Why vegetarians shouldn’t drink milk (and it’s not why you think)

Did anyone see the recent Jimmy vs the Giant Supermarket programme where Jimmy Doherty took on Tesco in a bid to produce a higher welfare meatball?  I’ve been aware of the issues raised in the programme for some time but feel that now is the time for more people to take action as change is much more likely to occur with the backing of a high-profile figurehead (just look at what Hugh Fearnley-Whittingstall managed to achieve with his ‘fish fight’).

If you didn’t see the programme; Jimmy decided to try to make a high welfare meatball that could replace the basic Tesco meatball at £1.70 for 20.  As all British beef is free range anyway he decided that in his bid to make a more ethical and higher welfare meatball he would tackle the dairy industry.  You may well ask – what has milk got to do with meatballs???

Approximately 100,000 male dairy calves are shot at 24-48 hours old in the UK each year (source: Farmers Weekly).  Jimmy showed this on the programme and it was very difficult to watch as three, one day old calves were shot in the head.  This is a shocking statistic especially because it happens because dairy bull calves are a ‘by-product’ of the dairy industry.  They are surplus to requirements because the farmers only need female cows to raise for milk production and would lose money raising them for beef production.  It is absolutely crazy in a country of ‘animal lovers’ that this goes on without anyone really taking any notice.  We can’t blame the farmers either because they hate this useless waste.  Vegetarians who don’t eat meat because it’s ‘cruel’ yet still drink milk – madness!!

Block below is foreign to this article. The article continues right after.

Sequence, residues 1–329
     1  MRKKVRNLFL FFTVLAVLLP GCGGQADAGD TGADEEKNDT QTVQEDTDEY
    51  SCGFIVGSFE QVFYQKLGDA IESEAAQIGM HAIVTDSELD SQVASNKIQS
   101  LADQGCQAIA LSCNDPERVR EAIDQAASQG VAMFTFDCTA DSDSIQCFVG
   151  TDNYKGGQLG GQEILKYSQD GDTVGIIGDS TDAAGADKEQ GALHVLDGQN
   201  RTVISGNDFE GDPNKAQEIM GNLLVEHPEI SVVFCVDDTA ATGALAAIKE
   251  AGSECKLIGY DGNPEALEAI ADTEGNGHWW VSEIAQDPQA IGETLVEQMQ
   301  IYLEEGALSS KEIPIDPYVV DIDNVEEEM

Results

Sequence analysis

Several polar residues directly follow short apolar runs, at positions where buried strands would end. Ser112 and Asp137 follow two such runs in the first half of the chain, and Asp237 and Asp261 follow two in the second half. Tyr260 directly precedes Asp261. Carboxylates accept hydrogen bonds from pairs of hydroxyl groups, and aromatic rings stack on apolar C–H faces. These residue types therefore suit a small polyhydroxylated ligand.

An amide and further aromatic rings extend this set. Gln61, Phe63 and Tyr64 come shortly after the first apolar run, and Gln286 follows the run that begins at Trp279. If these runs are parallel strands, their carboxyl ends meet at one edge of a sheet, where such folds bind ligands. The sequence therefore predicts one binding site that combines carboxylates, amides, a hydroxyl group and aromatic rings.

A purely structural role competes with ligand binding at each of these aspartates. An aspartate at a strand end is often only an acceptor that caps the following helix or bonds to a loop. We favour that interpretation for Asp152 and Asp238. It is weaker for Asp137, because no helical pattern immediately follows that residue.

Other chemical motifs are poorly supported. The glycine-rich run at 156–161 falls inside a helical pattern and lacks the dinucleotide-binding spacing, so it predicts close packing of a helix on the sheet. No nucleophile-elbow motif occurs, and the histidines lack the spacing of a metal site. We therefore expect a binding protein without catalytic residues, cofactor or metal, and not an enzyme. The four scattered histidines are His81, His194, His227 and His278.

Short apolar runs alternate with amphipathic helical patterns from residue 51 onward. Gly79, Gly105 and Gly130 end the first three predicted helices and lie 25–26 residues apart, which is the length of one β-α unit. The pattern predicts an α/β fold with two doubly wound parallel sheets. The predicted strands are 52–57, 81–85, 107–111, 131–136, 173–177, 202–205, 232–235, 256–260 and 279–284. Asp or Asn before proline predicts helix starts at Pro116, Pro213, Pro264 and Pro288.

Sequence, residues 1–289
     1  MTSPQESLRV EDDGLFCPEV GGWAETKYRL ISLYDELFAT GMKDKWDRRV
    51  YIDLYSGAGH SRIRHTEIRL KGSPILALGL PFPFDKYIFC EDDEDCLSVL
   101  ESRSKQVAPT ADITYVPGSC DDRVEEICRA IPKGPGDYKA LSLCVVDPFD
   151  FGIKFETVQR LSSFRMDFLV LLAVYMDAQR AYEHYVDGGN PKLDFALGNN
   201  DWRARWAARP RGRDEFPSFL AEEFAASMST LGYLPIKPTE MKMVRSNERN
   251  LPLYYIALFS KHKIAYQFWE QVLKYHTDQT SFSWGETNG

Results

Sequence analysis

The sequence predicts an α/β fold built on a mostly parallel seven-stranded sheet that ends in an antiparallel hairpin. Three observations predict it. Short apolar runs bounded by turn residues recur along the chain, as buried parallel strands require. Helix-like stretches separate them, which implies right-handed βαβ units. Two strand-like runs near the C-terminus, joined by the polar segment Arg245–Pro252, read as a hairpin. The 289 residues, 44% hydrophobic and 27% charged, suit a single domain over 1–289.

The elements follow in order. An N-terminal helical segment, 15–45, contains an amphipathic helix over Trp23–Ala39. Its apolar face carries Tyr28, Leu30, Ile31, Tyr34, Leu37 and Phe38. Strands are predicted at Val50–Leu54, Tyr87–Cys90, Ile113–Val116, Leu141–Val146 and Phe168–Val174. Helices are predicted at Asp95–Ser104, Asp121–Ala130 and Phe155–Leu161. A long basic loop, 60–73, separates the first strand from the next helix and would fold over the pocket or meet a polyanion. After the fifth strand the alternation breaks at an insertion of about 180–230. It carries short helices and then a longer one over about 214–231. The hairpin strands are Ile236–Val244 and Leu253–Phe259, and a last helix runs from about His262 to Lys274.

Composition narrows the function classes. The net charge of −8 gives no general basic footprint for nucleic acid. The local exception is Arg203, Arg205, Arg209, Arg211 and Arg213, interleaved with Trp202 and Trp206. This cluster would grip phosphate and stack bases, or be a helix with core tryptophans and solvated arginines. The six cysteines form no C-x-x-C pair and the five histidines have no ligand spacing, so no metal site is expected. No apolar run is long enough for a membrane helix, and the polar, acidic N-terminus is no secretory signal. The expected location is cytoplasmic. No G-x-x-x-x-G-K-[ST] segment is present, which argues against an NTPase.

Of course if less people ate dairy this would reduce the amount of ‘waste’ calves each year but if you are following The Real Food Plan you will have eliminated dairy anyway as we remove it from the diet entirely for the first 28 days.  Many people never re-introduce it because it just doesn’t ‘work’ for them.  But is the answer just to give up dairy? No! this is about adding a food to your diet you may never have tried before – veal.

Back in the 80’s veal got bad press – and deservedly so – for the inhumane practices used to raise veal calves.  Practices such as keeping them cooped up indoors, in the dark for the entire duration of their short lives.  They were transported in miniscule veal crates for miles around Europe – most of you will probably remember the pictures and the public outcry.  This method of rearing produced ‘white’ meat which is what veal was known for.

However, if there was a British Rose veal industry things would be a lot different.  I’ve highlighted British because in the UK it is illegal to produce veal in that way (although not illegal for shops to sell EU meat produced in that way).  Over here animal welfare standards are MUCH higher than on the continent.  Instead of being shot at 1-2 days old the dairy bull calves could be raised humanely for meat i.e. veal. But, as Jimmy discovered shops will only stock what the consumer demands.

The reason the term rose is important is because it signifies that the meat is pink i.e. the animal has spent time outdoors and been able to move around freely so its muscles have developed properly.

Waitrose have been stocking British rose veal for a while – Darren and I have enjoyed some delicious meals using it; see below, veal steak with salad and spicy sweet potato wedges.  And, if Tesco starts to stock it I think that will have a massive impact on demand – as long as  people can move on from the stigma surrounding veal.

British rose veal calves are slaughtered at 8 months old, about the same age as lamb.  The UK is full of lamb meat fans and I don’t see how veal is any different as long as it’s raised humanely

When the programme was made Tesco were still stocking veal form the EU so if you are going to try it just make sure you only purchase British rose veal.  The other benefit of this is that we are supporting British farmers which is always a good thing.

We’d love to know what you think of veal and strongly urge you to give it a go.  Share your recipes with us when you do.

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